Security forces and riot police also indiscriminately fired tear gas canisters into the crowds from launchers, causing several serious injuries.

Jad* was in Azarieh district when he was hit in the face by a tear gas canister, suffering a broken nose. He told Amnesty:

“As we were packing to leave, I was hit in the face above my right eye with a tear gas canister. My nose is broken and my whole face is swollen.”

Faten* was hit by a tear gas canister in her right shoulder. She was also in the Azarieh district when riot police attacked the crowd. She told Amnesty: 

“The riot police were only ten metres away. I felt I was hit by something on my shoulder. I couldn’t feel my arm anymore. I thought I lost it, and then I collapsed. They were shooting tear gas at chest level directly at the people.”

Tear gas canisters fired from launchers can cause serious harm. Tear gas should only be used in situations of widespread violence for crowd dispersal, and only when all other means to contain violence have failed. Although there were minor acts of violence by a small number of protesters, this does not justify use of force to disperse an entire protest, or allow security forces to treat the entire protest as an non-peaceful one.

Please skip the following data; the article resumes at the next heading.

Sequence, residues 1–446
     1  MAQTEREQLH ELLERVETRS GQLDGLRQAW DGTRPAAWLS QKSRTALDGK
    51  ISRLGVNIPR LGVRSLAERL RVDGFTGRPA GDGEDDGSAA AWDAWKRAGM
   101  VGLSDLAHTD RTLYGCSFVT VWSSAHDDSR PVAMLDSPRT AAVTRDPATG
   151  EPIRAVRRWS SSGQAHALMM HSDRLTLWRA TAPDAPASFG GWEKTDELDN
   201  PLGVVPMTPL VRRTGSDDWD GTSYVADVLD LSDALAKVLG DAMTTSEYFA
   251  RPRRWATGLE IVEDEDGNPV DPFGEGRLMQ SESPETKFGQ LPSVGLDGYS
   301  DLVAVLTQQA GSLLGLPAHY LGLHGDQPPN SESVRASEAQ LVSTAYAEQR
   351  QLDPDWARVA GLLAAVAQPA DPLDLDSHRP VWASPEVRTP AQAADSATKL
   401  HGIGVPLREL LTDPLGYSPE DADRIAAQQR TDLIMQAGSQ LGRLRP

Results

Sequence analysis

Amnesty identified Nobel Sport MP7 tear gas canisters and grenades; canisters of SAE Alsetex SM6 tear gas and Alsetex launchers, made in France; and M203 UGL grenade launchers.

Calls for international investigation into explosion

Amnesty has called for an international investigation into the 4 August Beirut port explosion, a massive blast which killed at least 220 people and left an estimated 7,000 more injured. The Lebanese president Michael Aoun has said the explosion was caused by 2,750 tonnes of ammonium nitrate that had been stored unsafely in a warehouse. 

Lynn Maalouf added: 

“The Lebanese authorities must cooperate with an international investigation into the explosion, and focus on delivering truth, justice and reparations to the many victims.”

Note to editors

*Names have been changed to protect identities.